Each summer, the World Bank collaborates with the Annenberg School for Communication at the University of Pennsylvania and the Annenberg School for Communication and Journalism at the University of Southern California to offer the executive education course on reform communication: Leadership, strategy and stakeholder alignment. 

Moving towards gender equality: A new index looks at legal reforms to help women’s economic inclusion

Sarah Iqbal's picture

Do you think the world is becoming more equal for women at work? The recently published Women, Business and the Law 2019: A Decade of Reform gives us some insight. While achieving gender equality requires a broad range of efforts over time, the study focuses on the law as an important first step to providing an objective measure of how specific regulations affect women’s incentives to participate in economic activity.

What is captured in the Women, Business and the Law index?

The study introduces a new index structured around eight indicators that cover different stages of a woman’s working life, which have significant implications for the economic standing of women: Going Places, Starting a Job, Getting Paid, Getting Married, Having Children, Running a Business, Managing Assets and Getting a Pension.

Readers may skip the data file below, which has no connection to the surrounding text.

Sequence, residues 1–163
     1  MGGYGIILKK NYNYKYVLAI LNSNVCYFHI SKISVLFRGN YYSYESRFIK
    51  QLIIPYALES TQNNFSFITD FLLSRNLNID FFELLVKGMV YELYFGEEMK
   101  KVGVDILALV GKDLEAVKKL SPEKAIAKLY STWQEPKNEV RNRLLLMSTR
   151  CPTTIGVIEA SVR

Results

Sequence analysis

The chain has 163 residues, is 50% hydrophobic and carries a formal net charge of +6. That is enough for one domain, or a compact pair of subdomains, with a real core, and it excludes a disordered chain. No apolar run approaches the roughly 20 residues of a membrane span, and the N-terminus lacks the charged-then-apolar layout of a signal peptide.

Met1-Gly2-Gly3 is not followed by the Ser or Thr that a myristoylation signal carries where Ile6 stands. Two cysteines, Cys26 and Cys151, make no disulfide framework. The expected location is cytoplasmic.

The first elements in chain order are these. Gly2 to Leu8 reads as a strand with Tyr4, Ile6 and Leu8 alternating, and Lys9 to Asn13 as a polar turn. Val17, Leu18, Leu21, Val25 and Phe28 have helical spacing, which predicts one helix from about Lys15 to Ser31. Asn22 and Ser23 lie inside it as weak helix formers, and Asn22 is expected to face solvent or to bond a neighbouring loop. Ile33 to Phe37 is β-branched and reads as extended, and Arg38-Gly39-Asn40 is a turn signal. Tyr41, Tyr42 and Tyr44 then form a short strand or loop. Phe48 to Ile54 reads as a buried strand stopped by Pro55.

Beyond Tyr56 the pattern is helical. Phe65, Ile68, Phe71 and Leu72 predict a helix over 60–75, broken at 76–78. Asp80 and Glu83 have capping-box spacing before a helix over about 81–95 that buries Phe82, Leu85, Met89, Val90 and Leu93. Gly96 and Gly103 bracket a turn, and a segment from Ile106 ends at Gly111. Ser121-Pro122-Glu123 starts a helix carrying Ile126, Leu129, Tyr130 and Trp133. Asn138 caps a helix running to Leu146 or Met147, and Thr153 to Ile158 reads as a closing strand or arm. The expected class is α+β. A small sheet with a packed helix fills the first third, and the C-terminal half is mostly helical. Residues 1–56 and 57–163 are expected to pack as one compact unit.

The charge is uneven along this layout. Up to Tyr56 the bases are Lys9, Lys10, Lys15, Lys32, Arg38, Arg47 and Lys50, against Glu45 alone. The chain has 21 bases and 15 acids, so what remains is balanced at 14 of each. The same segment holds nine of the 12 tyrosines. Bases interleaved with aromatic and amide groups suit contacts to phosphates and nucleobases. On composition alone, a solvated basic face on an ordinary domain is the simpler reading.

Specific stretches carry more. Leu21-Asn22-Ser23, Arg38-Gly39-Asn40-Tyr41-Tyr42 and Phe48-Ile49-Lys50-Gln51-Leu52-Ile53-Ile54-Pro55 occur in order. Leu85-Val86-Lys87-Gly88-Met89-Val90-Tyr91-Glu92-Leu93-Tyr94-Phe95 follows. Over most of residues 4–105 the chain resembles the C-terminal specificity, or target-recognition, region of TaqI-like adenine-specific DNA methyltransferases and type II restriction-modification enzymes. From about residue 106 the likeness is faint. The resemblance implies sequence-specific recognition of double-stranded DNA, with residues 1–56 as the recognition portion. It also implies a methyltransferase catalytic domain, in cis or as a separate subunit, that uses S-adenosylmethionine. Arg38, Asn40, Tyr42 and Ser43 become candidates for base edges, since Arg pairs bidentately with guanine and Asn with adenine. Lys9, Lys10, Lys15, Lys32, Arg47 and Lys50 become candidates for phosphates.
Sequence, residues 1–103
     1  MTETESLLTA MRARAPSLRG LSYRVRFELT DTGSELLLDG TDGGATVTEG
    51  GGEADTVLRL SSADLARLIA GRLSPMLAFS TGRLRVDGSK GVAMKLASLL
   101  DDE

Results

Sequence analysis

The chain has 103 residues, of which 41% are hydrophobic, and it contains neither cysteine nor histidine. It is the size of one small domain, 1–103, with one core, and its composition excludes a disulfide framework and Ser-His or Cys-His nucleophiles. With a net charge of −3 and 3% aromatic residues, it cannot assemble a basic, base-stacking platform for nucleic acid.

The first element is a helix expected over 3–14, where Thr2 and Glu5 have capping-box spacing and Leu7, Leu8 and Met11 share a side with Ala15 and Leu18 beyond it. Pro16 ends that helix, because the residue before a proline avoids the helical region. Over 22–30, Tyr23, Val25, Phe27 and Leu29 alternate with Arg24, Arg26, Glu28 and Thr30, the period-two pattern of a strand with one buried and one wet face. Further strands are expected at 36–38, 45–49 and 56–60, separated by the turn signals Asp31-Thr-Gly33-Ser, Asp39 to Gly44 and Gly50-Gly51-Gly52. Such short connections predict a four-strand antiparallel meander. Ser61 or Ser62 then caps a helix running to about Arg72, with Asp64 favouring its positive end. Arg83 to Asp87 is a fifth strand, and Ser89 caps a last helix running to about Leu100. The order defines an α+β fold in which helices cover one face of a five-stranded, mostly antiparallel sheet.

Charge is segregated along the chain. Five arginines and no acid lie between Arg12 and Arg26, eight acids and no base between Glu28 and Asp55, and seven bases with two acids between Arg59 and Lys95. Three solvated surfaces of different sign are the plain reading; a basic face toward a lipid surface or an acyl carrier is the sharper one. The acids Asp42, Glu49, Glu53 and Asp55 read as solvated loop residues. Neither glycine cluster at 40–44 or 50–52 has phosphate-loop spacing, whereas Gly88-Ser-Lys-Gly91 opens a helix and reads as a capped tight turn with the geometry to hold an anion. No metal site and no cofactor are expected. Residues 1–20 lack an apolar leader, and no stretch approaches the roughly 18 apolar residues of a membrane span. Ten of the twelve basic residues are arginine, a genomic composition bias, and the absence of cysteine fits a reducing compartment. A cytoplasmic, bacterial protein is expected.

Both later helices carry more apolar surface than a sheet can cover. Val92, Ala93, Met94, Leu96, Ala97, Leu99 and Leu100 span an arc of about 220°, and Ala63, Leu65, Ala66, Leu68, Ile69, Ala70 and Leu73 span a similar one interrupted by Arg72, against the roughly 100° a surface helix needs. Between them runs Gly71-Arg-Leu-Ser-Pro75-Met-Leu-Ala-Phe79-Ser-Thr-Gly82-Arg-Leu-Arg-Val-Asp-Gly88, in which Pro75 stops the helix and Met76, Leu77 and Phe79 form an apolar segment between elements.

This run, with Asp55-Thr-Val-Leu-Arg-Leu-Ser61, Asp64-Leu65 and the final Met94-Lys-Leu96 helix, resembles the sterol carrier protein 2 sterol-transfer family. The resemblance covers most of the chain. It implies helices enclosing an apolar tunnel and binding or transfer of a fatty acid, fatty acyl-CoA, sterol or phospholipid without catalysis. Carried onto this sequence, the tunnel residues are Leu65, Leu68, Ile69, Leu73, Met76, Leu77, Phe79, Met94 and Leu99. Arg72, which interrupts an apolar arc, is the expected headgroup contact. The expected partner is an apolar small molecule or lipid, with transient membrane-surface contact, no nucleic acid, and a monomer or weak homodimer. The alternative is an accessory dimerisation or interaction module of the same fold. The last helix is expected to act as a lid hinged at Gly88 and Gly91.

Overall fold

8 Indicators that Measure How Laws Affect Women Through Their Working Lives

Source: Women, Business and the Law 2019: A Decade of Reform

For instance, if a woman cannot leave her home without permission can she effectively look for a job or go on an interview? Even if she is hired, will she need to quit if she gets married or has children? Will she have to move to a lower paying job because she must balance work with caring for her family?

Like manna from heaven? The sustainability of Open Source projects

Michael M. Lokshin's picture

Sustainability of OSS is an important, but often overlooked issue. The private sector is struggling to find the right model to maintain and sustain OSS. The International Development Agencies need viable long-term strategies to sustain the OSS projects they are developing, funding, or using.